A Novel Look at the Female Gothic

  • Ana Dolorit Florida State University

Abstract

The Female Gothic, as coined by Ellen Moer in her celebrated novel Literary Women, presents women's domestic roles through the supernatural to express the horrors of their docility. Narratives pertaining to this literary canon are frequently considered reflective of a woman's journey toward liberation. By analyzing current film and television narratives alongside a classic short story, this paper reveals a neglected aspect of the Female Gothic mode. The conversation centered on the characteristics of the Female Gothic, while fitting in its observations, disregards the medium that realizes such familiar themes as female entrapment and a suppressive male antagonist. Through fastidious analyses of Charlotte Perkins Gilman's "The Yellow Wallpaper," along with Netflix's miniseries The Haunting of Bly Manor (2020) and Universal Picture's The Invisible Man (2020), this essay demonstrates how the act of looking effectuates women's doubts over domestic confinements.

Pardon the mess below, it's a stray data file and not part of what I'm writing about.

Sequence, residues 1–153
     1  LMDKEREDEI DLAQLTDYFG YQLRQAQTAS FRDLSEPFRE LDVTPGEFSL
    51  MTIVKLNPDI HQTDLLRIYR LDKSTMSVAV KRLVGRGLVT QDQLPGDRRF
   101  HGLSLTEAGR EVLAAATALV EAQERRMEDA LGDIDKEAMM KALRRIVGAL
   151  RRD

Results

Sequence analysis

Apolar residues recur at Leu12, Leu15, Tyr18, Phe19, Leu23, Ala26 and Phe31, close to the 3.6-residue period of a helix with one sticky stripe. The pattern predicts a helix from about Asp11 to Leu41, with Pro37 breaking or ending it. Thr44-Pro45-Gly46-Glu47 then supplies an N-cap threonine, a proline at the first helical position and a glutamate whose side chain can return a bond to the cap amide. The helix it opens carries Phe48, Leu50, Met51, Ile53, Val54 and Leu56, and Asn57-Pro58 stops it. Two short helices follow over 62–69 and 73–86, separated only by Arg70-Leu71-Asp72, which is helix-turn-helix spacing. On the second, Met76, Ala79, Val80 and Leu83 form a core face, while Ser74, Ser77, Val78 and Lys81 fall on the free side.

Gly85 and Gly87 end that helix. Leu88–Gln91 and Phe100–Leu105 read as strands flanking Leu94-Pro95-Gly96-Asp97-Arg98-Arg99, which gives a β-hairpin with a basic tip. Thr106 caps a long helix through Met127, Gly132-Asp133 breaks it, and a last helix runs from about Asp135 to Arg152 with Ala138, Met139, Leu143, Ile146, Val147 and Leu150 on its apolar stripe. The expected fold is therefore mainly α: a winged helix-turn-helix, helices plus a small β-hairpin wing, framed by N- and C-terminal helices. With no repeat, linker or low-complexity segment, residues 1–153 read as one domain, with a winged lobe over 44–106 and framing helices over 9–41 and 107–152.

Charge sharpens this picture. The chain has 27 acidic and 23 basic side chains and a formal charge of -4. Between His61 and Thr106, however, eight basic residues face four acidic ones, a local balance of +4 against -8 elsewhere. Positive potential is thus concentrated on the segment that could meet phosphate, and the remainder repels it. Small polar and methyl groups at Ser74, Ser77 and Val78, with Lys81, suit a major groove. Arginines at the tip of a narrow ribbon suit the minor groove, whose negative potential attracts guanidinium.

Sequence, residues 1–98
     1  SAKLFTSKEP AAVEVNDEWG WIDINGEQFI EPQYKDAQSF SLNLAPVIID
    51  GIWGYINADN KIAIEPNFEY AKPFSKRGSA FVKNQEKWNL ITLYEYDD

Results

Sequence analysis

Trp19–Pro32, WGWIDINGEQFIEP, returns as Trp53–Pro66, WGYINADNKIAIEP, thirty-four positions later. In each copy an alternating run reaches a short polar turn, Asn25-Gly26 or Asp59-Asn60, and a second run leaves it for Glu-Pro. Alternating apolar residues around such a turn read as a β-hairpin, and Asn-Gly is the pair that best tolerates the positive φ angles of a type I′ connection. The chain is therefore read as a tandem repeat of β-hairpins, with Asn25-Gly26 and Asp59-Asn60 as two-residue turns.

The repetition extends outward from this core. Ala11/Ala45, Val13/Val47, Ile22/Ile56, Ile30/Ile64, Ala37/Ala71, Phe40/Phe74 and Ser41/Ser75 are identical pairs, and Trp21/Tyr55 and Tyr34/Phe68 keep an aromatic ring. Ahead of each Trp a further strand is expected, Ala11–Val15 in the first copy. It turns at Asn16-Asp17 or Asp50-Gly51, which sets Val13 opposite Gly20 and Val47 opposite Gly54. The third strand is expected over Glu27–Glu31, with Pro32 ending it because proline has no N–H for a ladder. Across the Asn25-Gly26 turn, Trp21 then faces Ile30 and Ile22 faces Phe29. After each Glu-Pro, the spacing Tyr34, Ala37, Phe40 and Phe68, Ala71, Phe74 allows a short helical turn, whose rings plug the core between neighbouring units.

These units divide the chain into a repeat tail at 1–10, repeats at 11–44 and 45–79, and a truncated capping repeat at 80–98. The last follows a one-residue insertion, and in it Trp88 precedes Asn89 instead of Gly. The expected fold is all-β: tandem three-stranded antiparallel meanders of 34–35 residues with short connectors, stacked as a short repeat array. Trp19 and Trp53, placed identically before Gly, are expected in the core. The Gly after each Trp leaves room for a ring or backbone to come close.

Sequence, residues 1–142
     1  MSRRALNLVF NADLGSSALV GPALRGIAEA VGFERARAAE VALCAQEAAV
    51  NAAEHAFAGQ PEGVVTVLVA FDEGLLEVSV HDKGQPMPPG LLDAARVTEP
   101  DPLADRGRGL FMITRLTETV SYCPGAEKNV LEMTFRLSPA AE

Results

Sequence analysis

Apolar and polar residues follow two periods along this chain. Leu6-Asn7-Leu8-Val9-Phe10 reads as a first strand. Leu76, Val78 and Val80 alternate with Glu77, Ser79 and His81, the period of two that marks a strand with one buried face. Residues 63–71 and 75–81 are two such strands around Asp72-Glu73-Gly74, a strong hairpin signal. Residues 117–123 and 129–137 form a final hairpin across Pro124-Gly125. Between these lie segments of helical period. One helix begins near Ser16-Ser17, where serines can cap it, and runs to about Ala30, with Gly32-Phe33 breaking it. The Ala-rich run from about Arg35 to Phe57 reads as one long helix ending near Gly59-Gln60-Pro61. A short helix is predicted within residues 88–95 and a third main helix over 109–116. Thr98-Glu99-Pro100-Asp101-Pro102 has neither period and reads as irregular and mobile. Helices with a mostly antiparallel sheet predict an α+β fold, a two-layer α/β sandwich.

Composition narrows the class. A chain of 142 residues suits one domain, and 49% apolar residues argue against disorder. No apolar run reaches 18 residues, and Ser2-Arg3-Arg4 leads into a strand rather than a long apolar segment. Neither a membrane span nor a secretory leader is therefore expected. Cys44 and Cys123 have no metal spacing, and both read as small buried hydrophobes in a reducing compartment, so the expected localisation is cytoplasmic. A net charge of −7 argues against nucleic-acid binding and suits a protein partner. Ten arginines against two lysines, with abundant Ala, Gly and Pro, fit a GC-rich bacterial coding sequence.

Key words: Female Gothic, act of looking

Author Biography

Ana Dolorit, Florida State University

Ana Dolorit is a second-year undergrad majoring in Literature, Media, and Culture with minors in Psychology and Political Philosophy. Ana has participated in two undergraduate research symposiums to date, exhibiting her research in religious freedom and the interactions between police body-worn cameras and citizen race. Next year, she will be developing an Honor's in the Major thesis on the political pertinence of Marshall Mather's lyricism. Ana is committed to exploring political inquiries, but she has also published personal articles and poems through FSU's Her Campus chapter and Woman Student Union's annual magazine, Her Voice. Besides her research and academics engagements, Ana spares no effort to look past superficial labels and search for authenticity in the ruffles of life. 

Published
2021-04-13
Section
Research Articles